In April 1947, New York City’s health commissioner, Israel Weinstein, had been on the job 10 months. He was a child on the Lower East Side when a smallpox outbreak brought the city to its knees in the early 1900s, killing 720 New Yorkers in a two-year period.
Most New Yorkers had been inoculated against smallpox. They’d been told the inoculation would protect them for life — but there was no guarantee. In some cases, the vaccine didn’t take. In others, the immunity wore off.
On Good Friday, April 4, some startling lab results reached Dr. Weinstein: An American businessman who arrived in New York from Mexico City by bus had tested positive for smallpox. In two days, New Yorkers would be gathering for the city’s annual Easter Parade. If only one of them had smallpox, even among a vaccinated population, the resulting outbreak could be devastating.
At 2 p.m. that day, Dr. Weinstein held a news conference, urging all city dwellers to get vaccinated immediately, even if they had been inoculated as children. Re-vaccinations were necessary, he said, in case people had lost immunity.
His decision was hardly without risk. Not only could the announcement cause mass hysteria, but vaccines then were not tested the way they are today. The smallpox vaccine available at the time could trigger rare but dangerous side effects, especially in people with weakened immune systems or particular skin conditions.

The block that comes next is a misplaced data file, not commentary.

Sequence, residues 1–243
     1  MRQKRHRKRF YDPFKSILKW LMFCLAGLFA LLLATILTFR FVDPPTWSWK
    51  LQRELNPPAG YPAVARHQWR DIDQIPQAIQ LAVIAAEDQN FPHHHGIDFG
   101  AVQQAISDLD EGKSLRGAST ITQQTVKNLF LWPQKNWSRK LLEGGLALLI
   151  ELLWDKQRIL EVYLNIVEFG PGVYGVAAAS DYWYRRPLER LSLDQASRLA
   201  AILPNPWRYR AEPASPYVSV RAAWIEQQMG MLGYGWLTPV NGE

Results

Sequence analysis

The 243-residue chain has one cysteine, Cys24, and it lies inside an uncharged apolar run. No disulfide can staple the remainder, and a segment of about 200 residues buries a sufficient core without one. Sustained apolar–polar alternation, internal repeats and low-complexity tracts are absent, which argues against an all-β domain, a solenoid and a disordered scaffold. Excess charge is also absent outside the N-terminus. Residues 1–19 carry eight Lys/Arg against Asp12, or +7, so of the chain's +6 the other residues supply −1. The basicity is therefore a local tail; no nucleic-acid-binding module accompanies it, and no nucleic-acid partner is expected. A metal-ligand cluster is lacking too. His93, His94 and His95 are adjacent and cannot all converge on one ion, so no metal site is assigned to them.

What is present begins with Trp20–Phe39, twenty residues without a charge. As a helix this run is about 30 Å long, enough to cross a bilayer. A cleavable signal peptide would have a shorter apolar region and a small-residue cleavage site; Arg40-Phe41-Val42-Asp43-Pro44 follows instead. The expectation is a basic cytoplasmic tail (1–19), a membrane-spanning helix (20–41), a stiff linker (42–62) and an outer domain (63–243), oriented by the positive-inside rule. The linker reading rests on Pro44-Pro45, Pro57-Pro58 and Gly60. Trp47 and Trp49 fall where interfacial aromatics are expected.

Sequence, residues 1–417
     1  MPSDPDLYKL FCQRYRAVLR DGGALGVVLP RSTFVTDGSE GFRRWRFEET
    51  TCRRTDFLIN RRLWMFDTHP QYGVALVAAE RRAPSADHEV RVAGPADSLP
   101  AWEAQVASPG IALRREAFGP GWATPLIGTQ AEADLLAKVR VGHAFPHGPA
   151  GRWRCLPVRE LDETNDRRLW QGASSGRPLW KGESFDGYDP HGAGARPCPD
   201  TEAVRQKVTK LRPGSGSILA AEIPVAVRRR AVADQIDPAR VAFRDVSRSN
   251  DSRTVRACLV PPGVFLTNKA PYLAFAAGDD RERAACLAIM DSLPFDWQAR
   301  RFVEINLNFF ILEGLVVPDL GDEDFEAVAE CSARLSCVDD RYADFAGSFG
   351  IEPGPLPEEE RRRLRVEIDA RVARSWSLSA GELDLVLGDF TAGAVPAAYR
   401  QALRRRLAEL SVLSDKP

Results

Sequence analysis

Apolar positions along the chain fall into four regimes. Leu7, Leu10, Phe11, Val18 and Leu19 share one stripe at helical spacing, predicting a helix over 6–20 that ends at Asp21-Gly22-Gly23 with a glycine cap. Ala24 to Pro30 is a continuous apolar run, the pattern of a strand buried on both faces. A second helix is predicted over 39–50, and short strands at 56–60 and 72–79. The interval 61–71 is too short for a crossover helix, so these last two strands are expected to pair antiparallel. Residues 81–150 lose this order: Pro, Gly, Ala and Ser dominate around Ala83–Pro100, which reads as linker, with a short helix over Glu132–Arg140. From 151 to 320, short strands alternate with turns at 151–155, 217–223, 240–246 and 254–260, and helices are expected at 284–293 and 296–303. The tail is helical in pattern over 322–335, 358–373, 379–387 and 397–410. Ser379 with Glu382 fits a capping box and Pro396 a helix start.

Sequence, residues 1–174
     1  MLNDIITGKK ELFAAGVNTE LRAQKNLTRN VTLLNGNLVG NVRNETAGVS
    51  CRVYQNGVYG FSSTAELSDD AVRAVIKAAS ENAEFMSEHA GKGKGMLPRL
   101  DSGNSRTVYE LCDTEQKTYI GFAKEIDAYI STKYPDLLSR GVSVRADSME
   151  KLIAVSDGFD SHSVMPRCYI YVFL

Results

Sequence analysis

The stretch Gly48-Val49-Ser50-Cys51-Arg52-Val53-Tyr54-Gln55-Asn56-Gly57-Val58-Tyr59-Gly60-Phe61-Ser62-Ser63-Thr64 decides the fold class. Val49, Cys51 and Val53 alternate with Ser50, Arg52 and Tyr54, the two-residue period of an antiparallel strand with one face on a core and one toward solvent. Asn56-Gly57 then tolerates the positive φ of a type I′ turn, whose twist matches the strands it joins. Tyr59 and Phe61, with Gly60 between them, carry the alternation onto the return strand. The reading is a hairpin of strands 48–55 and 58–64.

According to Dr. David Oshinsky, a professor of medicine at N.Y.U. Langone Health, Dr. Weinstein acted in line with the scientific knowledge of the era and made the right move.
In a series of daily radio addresses, Dr. Weinstein focused on transparency and a consistent message. The vaccine, he said, was free, and there was, in his words, “absolutely no excuse for anyone to remain unprotected.” In a calm, clear voice, he promoted the rallying cry that would appear on posters throughout the city: “Be Sure. Be Safe. Get Vaccinated!”
But the municipal stockpile contained nowhere near enough vaccine for all of the city’s 7.8 million residents.
With the cooperation of Mayor William O’Dwyer, Dr. Weinstein secured 250,000 units from the naval medical supply depot in Brooklyn. He had 780,000 doses flown in from military bases in California and Missouri. He purchased an additional two million from private manufacturers, and then he ordered more. And he began a tracing program to locate and vaccinate anyone exposed.
The vaccine rollout was remarkably swift and uncomplicated. In early May, Dr. Weinstein announced that the danger had passed.
Later that year, he summed up the case in The American Journal of Public Health. “In a period of less than a month, 6,350,000 people were vaccinated in New York City,” he wrote. “Never before had so many people been vaccinated in such a city and on such short notice.”
The final tally was 12 infections and two deaths.
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